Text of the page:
England is the largest of the four UK nations. It includes the central and southern two-thirds of the island of Great Britain, plus the offshore islands of the Isle of Wight and the Isles of Scilly. With over 53 million inhabitants, England is the most populous nation of the United Kingdom.
The English language was formed here. It’s also the birthplace of the parliamentary system of government and the common law judicial system.
The country consists of many different landscapes and counties. The Severn is the longest river flowing through England, notable for its Severn bore tidal waves which can reach 2m in height!
Parts of the economy, notably in the financial services industry, are concentrated in London and the south-east of England.
About one-fifth of England’s workers are employed in manufacturing. Major industries located in the northern counties include food processing, brewing and the manufacture of chemicals, textiles, computers, automobiles and aircraft.
Traditional examples of English food include the Sunday roast, featuring a roasted joint (usually beef, lamb, chicken or pork) served with assorted vegetables, Yorkshire pudding and gravy.
Many English bands and solo artists have been cited as some of the most influential and best-selling musicians of all time. These include The Beatles, Led Zeppelin, Pink Floyd, Sir Elton John, Queen, and The Rolling Stones.
It’s believed that football, rugby and cricket were first played in England.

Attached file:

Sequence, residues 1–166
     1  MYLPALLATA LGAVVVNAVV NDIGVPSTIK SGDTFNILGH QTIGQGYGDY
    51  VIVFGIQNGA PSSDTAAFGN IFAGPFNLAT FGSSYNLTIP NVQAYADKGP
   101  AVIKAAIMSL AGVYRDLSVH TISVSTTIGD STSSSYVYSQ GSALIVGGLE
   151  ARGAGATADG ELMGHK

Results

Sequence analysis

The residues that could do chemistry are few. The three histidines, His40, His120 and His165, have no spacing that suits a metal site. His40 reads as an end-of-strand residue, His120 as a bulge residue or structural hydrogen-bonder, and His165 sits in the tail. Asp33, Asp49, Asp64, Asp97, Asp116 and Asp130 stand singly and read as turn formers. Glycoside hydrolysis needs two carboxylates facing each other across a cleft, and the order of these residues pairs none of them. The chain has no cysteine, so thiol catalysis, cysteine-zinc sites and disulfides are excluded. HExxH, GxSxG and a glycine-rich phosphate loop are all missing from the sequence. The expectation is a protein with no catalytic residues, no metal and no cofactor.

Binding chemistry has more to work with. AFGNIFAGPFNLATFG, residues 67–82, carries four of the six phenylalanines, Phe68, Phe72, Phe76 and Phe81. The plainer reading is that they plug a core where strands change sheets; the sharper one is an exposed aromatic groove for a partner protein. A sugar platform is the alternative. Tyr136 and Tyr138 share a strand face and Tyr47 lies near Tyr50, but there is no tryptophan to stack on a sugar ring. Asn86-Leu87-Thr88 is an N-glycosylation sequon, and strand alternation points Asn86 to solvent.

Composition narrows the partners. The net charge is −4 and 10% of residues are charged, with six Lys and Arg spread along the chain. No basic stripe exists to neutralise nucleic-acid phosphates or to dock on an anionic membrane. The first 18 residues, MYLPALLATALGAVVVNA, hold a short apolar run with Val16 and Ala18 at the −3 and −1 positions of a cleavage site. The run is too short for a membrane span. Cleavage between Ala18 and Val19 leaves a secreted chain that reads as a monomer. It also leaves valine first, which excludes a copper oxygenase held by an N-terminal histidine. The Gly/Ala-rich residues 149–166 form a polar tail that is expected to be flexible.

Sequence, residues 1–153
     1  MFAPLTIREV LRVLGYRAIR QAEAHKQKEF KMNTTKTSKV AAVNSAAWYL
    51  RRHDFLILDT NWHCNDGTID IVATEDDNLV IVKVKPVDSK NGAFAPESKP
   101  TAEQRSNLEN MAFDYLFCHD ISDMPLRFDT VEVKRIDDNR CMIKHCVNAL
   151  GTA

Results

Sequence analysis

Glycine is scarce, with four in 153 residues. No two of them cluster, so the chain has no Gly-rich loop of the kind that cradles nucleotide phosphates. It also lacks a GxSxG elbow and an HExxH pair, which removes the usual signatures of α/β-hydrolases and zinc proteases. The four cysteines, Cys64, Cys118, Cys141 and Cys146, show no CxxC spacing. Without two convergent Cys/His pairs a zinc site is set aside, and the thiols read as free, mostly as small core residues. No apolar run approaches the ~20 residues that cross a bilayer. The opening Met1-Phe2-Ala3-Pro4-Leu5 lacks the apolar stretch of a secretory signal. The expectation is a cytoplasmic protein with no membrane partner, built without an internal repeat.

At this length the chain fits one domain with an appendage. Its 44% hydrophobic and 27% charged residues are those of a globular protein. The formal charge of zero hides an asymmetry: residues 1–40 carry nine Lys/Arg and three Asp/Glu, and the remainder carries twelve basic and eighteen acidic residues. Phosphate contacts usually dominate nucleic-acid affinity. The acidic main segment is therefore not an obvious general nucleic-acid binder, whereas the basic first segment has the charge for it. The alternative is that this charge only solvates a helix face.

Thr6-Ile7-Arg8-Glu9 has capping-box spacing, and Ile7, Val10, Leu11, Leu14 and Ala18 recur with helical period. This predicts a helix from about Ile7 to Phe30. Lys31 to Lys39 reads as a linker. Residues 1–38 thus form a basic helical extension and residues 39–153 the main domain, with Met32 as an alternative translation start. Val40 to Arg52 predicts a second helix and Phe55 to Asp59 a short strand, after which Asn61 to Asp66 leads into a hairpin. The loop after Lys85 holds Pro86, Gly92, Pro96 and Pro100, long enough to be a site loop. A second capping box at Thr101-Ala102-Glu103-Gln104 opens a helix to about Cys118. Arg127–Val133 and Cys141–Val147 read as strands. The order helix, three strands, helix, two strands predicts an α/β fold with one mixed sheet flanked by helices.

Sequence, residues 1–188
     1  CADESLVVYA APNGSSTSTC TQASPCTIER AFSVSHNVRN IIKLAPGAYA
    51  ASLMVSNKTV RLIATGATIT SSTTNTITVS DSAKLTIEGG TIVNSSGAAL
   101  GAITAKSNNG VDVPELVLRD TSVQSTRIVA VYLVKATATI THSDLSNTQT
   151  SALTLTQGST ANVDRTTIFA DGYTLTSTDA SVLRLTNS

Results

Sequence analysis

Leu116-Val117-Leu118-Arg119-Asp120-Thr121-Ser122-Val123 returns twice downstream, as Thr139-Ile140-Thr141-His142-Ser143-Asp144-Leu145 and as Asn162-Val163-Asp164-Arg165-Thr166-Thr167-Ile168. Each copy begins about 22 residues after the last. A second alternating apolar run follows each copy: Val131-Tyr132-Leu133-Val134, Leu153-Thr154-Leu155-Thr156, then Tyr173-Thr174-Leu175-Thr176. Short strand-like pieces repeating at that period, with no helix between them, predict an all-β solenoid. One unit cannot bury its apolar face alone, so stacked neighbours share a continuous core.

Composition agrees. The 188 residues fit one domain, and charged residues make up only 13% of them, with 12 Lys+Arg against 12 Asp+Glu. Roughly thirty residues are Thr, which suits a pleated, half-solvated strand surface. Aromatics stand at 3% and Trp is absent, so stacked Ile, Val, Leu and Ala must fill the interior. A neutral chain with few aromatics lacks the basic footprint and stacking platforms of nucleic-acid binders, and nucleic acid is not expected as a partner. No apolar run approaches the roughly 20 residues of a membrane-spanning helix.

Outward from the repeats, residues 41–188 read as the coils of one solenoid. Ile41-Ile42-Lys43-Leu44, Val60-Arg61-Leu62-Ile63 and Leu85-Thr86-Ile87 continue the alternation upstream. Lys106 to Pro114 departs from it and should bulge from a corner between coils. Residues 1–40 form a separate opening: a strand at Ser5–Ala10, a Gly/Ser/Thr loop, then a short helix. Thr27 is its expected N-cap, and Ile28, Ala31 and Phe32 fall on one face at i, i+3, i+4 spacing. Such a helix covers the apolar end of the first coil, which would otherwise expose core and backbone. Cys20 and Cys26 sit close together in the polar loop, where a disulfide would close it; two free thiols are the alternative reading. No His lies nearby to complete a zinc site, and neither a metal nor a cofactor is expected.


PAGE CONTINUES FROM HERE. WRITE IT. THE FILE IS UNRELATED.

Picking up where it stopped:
Traditionally one of the powerhouses of Commonwealth sport, England has competed in all of the Commonwealth Games. At the Hamilton 1930 British Empire Games it won 61 medals, and currently ranks second to Australia on the all-time medal winners list.
At the Delhi 2010 Commonwealth Games, England won 37 Gold, 60 Silver and 45 Bronze medals.
England has also taken part in each edition of the Commonwealth Youth Games since its inception in 2000.
England has hosted the Games on two occasions – in London in 1934 and in Manchester in 2002. It was also the host of the Olympic Games in 1908, 1948 and 2012.
Fun fact: In 1949 a flock of starlings landed on the minute hand of Big Ben, the tower clock that symbolises London and the UK parliament. It’s said that this landing put the time back by almost five minutes!
Sport fact: London’s annual Wimbledon Championships is the oldest tennis tournament in the world, and is widely considered the most prestigious.